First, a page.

The infamous TED talk about inequality that was “too political” has finally been released… and for all the fanfare surrounding it, I was expecting a talk that was a little more, well, politically charged.
Instead, Nick Hanauer offers a predictable line about the economic benefits of increasing taxes on the rich, arguing that middle class consumers who purchase goods are the real power behind our capitalist economic engine.
As far as the reasoning goes, I’m inclined to agree. But here’s the thing. Hanauer never once questions the viability of our consumption-fueled economy, or whether such an economy is, in fact, the best way to achieve long-term economic prosperity.
I would hardly use the words “too political” to describe a talk that reinforces one of the most fundamental tenets of our economic system: that continued prosperity (and presumably, the best way to address inequality) depends on continued consumption.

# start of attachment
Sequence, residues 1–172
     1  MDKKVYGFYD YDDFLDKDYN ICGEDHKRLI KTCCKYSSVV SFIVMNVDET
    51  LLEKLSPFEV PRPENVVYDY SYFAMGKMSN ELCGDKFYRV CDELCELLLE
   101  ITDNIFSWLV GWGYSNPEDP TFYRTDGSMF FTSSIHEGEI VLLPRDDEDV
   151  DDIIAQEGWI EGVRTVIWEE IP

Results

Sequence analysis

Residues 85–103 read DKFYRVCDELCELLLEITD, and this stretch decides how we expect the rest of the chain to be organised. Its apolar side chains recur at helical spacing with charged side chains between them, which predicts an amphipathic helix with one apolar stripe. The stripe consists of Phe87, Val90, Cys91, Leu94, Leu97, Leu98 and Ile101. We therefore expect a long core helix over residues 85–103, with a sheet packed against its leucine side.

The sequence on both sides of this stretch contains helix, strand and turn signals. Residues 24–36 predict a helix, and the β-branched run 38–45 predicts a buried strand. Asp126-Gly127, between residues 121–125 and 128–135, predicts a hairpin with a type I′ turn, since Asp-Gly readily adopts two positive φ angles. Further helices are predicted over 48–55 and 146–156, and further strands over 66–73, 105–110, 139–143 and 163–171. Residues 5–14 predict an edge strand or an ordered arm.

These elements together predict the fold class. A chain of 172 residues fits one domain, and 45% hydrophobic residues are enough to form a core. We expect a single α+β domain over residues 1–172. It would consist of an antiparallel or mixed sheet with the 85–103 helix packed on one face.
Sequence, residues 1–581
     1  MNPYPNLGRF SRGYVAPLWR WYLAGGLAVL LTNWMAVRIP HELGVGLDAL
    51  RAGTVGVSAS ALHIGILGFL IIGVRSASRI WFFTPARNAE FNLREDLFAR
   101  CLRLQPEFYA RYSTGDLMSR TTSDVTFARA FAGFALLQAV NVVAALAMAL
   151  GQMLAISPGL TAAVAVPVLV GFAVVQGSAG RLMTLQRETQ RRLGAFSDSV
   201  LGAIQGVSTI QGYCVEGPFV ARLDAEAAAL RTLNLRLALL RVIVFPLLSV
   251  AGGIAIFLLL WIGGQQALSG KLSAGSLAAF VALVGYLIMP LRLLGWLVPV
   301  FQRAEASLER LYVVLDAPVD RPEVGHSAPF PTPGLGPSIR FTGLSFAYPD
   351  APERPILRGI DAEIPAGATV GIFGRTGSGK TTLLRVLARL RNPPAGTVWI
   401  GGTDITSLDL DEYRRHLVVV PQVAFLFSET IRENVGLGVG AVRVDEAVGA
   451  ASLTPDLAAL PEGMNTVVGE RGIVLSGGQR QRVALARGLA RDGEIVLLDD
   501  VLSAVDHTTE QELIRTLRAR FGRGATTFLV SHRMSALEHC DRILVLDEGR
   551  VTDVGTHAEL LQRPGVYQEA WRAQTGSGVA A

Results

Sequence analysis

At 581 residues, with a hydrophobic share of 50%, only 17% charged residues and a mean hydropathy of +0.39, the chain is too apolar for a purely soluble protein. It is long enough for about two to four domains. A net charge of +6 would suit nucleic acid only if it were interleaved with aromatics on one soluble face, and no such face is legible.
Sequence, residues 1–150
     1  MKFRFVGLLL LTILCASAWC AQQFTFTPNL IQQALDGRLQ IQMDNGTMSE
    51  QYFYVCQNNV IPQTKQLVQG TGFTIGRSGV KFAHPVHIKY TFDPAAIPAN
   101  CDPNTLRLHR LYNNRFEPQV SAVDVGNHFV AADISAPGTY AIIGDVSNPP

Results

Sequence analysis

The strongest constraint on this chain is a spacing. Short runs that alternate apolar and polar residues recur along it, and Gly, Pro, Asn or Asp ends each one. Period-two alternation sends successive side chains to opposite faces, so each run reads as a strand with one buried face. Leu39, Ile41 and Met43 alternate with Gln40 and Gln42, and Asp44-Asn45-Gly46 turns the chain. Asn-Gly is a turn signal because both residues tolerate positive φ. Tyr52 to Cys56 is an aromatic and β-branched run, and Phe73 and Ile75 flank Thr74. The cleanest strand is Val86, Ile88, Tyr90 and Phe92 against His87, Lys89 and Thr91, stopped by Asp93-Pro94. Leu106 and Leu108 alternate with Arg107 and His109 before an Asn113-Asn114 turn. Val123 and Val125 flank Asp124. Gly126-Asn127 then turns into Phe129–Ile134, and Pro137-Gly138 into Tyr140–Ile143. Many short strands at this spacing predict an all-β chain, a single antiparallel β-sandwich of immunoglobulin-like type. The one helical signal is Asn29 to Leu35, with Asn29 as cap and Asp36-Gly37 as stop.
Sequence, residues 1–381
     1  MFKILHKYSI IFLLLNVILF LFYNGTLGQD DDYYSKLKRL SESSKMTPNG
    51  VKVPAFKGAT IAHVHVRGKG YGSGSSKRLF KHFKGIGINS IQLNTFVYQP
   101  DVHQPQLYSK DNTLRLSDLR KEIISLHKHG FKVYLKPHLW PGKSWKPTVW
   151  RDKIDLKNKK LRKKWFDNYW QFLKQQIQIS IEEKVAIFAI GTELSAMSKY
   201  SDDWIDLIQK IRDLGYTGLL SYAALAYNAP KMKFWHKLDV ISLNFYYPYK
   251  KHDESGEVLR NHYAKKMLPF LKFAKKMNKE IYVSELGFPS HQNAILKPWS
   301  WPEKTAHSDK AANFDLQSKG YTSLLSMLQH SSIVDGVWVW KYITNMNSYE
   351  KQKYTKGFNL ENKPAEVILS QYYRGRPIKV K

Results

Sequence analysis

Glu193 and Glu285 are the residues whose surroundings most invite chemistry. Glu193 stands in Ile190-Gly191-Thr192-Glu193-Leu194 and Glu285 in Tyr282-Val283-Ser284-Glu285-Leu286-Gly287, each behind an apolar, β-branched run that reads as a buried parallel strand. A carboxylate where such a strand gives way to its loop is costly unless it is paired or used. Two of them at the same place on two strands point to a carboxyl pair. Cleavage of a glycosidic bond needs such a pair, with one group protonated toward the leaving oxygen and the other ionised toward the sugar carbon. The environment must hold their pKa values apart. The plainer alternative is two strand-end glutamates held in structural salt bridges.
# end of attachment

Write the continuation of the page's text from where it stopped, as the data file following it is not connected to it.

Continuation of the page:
The bigger problem with this tempest in a teapot is that inequality isn’t, ultimately, a political issue, any more than civil rights is a political issue. It is a human issue, and we should not let politics inform our national discourse around a problem this serious, a problem that, if allowed to fester long enough, has the potential to undo nations.
And rather than offer radical, empowering, and innovative ways to address inequality, this talk has all the depth and originality of a politician’s stump speech.
Maybe that’s what TED’s founders really meant when they said it was “too political”.